The bank and other shops at Blists Hill
Great costumes and great sayings at Blists Hill
A funny sign at Blists Hill.
*Please ensure all ladies, children and servants are out of the room prior to enlarging this photo
Mr Gnarus and I spent a good few happy hours there this very day, chortling at some very dubious signage and sampling its many delights and I can thoroughly recommend the bakers shortbread. Indeed, some like the baker were real tradesmen skilled in their work whilst others among the local inhabitants termed themselves 'demonstrators' and were a mine of information. Especially when it came to the origins and evolution of certain well known sayings, all of which are related to some aspect of the artisan's craft long, long ago. I committed them to memory, only so as to regurgitate them here for your enjoyment...
To Come a Cropper - Meaning to have an accident.
In the 19th century one Thomas Cropper invented the Cropper printing press which was commonly operated by children of twelve years and over. Many got their hands trapped in the press and due to the momentum of its large and powerful flywheel, many lost fingers and hands. Hence the saying.
Being in Fine Fettle - Meaning to be in good health in both mind and body.
'Fettling' is the process of cleaning off the residue and other materials left on an object by the process of casting, whether that be cast iron or plaster work which was a popular craft in the 19th century. Thus when an object was fettled it was seen to be in good order, hence the saying.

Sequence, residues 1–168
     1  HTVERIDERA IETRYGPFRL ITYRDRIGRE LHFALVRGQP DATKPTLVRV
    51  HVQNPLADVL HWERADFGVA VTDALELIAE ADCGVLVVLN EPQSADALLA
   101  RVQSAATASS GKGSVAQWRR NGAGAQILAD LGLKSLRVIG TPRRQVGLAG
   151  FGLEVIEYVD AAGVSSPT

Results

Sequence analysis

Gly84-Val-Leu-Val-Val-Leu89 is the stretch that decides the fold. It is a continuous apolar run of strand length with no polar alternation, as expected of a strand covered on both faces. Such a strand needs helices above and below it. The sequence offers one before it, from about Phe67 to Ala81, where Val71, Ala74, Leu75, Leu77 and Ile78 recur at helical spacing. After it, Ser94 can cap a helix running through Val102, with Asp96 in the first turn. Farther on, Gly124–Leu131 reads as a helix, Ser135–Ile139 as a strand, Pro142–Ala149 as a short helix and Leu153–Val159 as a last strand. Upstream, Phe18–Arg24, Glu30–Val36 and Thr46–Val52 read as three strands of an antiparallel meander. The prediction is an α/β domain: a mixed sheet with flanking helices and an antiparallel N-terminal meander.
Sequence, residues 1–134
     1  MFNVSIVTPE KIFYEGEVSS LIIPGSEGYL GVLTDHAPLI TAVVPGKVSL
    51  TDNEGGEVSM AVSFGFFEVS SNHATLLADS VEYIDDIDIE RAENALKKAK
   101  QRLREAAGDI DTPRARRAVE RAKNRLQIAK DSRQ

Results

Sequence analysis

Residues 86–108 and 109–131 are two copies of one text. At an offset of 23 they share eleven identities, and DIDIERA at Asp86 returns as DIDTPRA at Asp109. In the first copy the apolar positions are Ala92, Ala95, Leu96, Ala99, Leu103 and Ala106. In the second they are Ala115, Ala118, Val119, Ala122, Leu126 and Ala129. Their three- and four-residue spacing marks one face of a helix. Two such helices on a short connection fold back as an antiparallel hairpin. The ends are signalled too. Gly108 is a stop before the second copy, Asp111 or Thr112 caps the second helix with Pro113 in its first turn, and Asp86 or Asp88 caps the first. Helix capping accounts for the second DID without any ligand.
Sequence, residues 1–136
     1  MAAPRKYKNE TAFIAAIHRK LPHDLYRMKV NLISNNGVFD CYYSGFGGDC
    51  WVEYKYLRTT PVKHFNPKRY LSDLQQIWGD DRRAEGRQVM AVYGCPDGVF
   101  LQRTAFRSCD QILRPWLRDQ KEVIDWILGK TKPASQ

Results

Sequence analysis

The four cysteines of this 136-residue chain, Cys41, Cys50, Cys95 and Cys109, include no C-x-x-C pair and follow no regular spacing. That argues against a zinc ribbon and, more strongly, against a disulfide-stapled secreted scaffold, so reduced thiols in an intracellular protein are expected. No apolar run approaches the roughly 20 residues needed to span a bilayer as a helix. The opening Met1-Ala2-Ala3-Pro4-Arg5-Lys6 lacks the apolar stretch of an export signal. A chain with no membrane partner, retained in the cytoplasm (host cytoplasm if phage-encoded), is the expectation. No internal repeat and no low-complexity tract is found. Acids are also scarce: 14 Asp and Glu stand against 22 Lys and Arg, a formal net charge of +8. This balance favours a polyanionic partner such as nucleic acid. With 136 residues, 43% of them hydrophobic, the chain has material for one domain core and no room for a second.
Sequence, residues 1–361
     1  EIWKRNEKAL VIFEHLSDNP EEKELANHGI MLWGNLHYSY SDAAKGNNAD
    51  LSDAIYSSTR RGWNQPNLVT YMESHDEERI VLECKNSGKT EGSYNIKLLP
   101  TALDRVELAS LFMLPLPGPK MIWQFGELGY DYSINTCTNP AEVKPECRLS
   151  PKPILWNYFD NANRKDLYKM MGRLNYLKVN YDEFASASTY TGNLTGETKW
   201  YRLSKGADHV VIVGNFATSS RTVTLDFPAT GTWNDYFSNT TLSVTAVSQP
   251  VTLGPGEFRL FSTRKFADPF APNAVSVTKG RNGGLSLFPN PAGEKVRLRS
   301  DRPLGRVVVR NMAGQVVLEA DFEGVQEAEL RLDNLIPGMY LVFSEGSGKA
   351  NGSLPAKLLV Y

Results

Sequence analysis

Stinking Rich - Meaning to be very wealthy.
Candle makers producing cheap tallow (Animal fat) candles in the 19th century could produce huge amounts of candles for sale. We were informed this day that one man, working 19 hours a day, 6 days a week, could make 30,000 candles in a week, which he sold by the lb . Most of his materials like animal fat had no other use and so were cheap and so a hard working candle maker could make lots of money. But tallow or animal fat is very smelly and it seeped into the skin, leaving the candle maker a bit whiffy, hence the saying.
Old Git - Meaning someone who is not liked and is even considered a waste of space.
When Iron was cast using the sand moulding technique, the reservoirs into which molten iron was poured and also allowed to expand and escape was of course also filled with excess cast iron that had to be removed after the cast object has cooled. These excess iron pieces were called 'git's and were waste material, hence the saying.
That's it for now. I hope you enjoyed these sayings as much as did I!
+Many Coats+ R.S.A.R